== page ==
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I think it's something like this: (Fedora14/bash)

#!/bin/bash

for i in {0..10..1}; do echo -e "$i"'\c'
echo -e "\n\r"
sleep 1
done

But it doesn't work. Purpose: like this, but without the "clear":

#!/bin/bash

for i in {0..10..1}; do echo -e "$i"
sleep 1
clear
done

So a counting script that doesn't deletes the whole screen to output +1 number, instead it only deletes the line, where the counting is, so that there could be ex.: a beatifull "progress bar"..

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2 Answers 2

up vote 3 down vote accepted
for i in {0..15}; do echo -ne "$i"'\r'; sleep 1; done; echo 

You don't need ..1 for stepwidth 1 which is default.

echo -n 

prevents newlines.

\r is returning to begin of line (without newline - \n), and better than my formerly used '\b' for backstepping a single character, unhandy, if you have more than one digit-numbers. Thanks to rozcietrzewiacz.

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You can also just use one \r instead of all the \b's. –  rozcietrzewiacz Aug 30 '11 at 15:06
    
Yes, thanks, I changed my post accordingly. –  user unknown Aug 30 '11 at 21:17
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Are you looking for something like this?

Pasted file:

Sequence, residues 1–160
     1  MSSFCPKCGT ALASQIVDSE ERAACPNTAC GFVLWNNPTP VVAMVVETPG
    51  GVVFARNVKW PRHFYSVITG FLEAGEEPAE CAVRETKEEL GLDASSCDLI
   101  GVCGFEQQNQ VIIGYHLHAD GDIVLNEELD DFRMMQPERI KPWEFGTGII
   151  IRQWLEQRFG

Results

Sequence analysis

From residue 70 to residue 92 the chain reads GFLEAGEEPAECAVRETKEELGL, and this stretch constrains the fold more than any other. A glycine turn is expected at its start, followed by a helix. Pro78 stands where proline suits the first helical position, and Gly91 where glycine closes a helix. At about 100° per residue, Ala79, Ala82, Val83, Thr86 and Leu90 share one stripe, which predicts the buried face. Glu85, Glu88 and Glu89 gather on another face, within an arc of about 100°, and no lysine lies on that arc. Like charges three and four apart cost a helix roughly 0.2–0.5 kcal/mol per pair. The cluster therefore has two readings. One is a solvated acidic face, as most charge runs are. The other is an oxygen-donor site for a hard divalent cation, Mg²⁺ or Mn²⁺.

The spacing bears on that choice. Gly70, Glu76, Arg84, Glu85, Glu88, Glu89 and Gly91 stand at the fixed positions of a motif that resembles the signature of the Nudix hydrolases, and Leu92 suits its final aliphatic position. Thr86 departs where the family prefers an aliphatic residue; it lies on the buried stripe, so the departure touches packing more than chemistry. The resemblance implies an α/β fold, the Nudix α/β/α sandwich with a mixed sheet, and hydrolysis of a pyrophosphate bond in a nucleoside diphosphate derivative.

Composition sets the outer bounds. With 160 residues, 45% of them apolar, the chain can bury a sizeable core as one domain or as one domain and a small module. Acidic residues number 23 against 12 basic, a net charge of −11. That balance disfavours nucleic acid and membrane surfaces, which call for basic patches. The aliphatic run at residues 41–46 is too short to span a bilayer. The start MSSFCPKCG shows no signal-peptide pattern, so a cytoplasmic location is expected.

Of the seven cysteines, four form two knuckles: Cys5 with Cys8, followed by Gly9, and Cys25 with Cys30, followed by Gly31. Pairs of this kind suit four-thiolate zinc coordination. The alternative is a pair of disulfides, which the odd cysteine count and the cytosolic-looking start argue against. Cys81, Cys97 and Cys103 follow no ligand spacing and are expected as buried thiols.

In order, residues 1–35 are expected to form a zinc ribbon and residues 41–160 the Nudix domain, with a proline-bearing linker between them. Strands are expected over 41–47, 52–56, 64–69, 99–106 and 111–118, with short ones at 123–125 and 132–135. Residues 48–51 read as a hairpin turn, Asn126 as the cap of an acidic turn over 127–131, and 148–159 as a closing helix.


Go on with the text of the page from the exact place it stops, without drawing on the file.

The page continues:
for i in {1..10}; do 
  printf '\r%2d' $i
  sleep 1
done
printf '\n'
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Why the first printf? –  rozcietrzewiacz Aug 30 '11 at 14:40
    
It would make sense if you were counting backwards from 10 to 1 –  glenn jackman Aug 30 '11 at 14:44
    
@rozcietrzewiacz and glenn jackman: I think i put it, without thinking too much, remembering a case where the numbers had different lengths, so that something old could be leaved on screen. –  enzotib Aug 30 '11 at 14:56
    
@glen Really? How exactly? –  rozcietrzewiacz Aug 30 '11 at 15:02
    
I missed the '%2d' in the next printf. If it had just been for i in {10..1..-1}; do printf "\r%d" $i; sleep 1; done then you would have seen 10, 90, 80, 70, etc –  glenn jackman Aug 30 '11 at 15:34
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